Top stories in higher ed for Tuesday
Lumina Foundation is committed to increasing the proportion of Americans with high-quality degrees, certificates and other credentials to 60 percent by 2025.
December 18, 2018
California Students, First in Their Families to Attend College, Mentor Each Other to Succeed
Larry Gordon, EdSource
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Beyond the usual confusion and questions about the first year of college, low-income students who are the first in their families to attend college may arrive on campus with personal fears that they just don't belong and will never fit in.

That's where a mentoring program called Level-Up can help. The effort pairs slightly older students from the same background with younger students. Mentors ease the uncertainty of college life with advice and friendship, while helping freshmen stay on track in school and eventually graduate. 

Selective Colleges Enroll More Low-Income Students
Ashley A. Smith, Inside Higher Ed
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Since the American Talent Initiative started two years ago, more than 100 flagship universities, selective liberal arts colleges, and Ivy League institutions have increased enrollment of low- and moderate-income students by nearly 7,300, a modest 3.5 percent, according to a report released Monday.

The initiative started in 2016 with 30 institutions around a collective goal of enrolling and graduating an additional 50,000 low-income students by 2025. Since the initiative began, Pell-eligible enrollment at the universities increased by about 3.5 percent, from 210,250 to 217,541.

The 2018 Chronicle Influencers
The Chronicle of Higher Education
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Some of the biggest news stories of 2018 started on college campuses. This year's 2018 Influence List from The Chronicle of Higher Education highlights the people who played a central role, for better or worse, in those stories and others, including the #MeToo movement, power dynamics in scholarship, and the role of race in admissions.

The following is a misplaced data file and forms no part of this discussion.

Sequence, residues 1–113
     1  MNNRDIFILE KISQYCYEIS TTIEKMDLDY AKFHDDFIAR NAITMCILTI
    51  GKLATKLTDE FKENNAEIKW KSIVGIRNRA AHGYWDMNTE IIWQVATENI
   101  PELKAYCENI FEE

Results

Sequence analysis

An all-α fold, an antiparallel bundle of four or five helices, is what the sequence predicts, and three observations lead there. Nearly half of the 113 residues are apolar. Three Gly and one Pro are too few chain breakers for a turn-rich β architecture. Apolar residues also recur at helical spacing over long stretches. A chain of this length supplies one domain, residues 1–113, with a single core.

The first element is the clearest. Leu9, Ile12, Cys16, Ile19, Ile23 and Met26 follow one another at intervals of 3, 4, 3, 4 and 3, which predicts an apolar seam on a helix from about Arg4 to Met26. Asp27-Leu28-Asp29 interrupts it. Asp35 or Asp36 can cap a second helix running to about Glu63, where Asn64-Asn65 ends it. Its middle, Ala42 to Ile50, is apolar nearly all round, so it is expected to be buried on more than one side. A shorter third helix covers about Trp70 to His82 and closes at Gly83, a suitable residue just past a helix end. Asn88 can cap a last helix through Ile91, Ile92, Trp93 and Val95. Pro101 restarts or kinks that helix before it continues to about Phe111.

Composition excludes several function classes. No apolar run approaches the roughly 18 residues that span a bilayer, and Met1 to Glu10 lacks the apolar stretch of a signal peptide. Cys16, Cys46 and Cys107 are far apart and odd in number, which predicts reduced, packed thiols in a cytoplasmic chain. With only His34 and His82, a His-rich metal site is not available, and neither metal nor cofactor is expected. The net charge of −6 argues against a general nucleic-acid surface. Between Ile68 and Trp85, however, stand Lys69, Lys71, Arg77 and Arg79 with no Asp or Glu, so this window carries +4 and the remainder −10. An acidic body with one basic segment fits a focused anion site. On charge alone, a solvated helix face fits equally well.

A Talent for Teaching: UTeach Reveals a Pathway for STEM Majors
Matt Parke, WorkingNation
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Sometimes all it takes to change the course of science and math education is a light bulb moment. UTeach is showing future teachers how they can find this moment within themselves and inspire it in their students.

UTeach grew out of the conviction that public universities have a profound role to play in improving the public education system. The program began at The University of Texas at Austin in 1997 as an innovative way to recruit undergraduate science, technology, engineering, and mathematics (STEM) majors and prepare them to become teachers. Since then, the educational model is turning the tide in the ongoing STEM teacher shortage. 

Scaling Upward
AACC 21st Century Center
Tapping Research Experiences to Improve College Success
Ellie Ashford, Community College Daily
Can We All Agree on Need for More Career-Tech Education?
Maureen Downey, Atlanta Journal Constitution
Opinion: Michigan Must Make Building Talent a Priority
Thomas G. Cutler, Port Huron Times Herald
A 2018 Report on the Progress of the American Talent Initiative in Its First Two Years
Bloomberg Philanthropies, The Aspen Institute’s College Excellence Program, and Ithaka S+R
Blue-Collar Worker Shortages
The Conference Board
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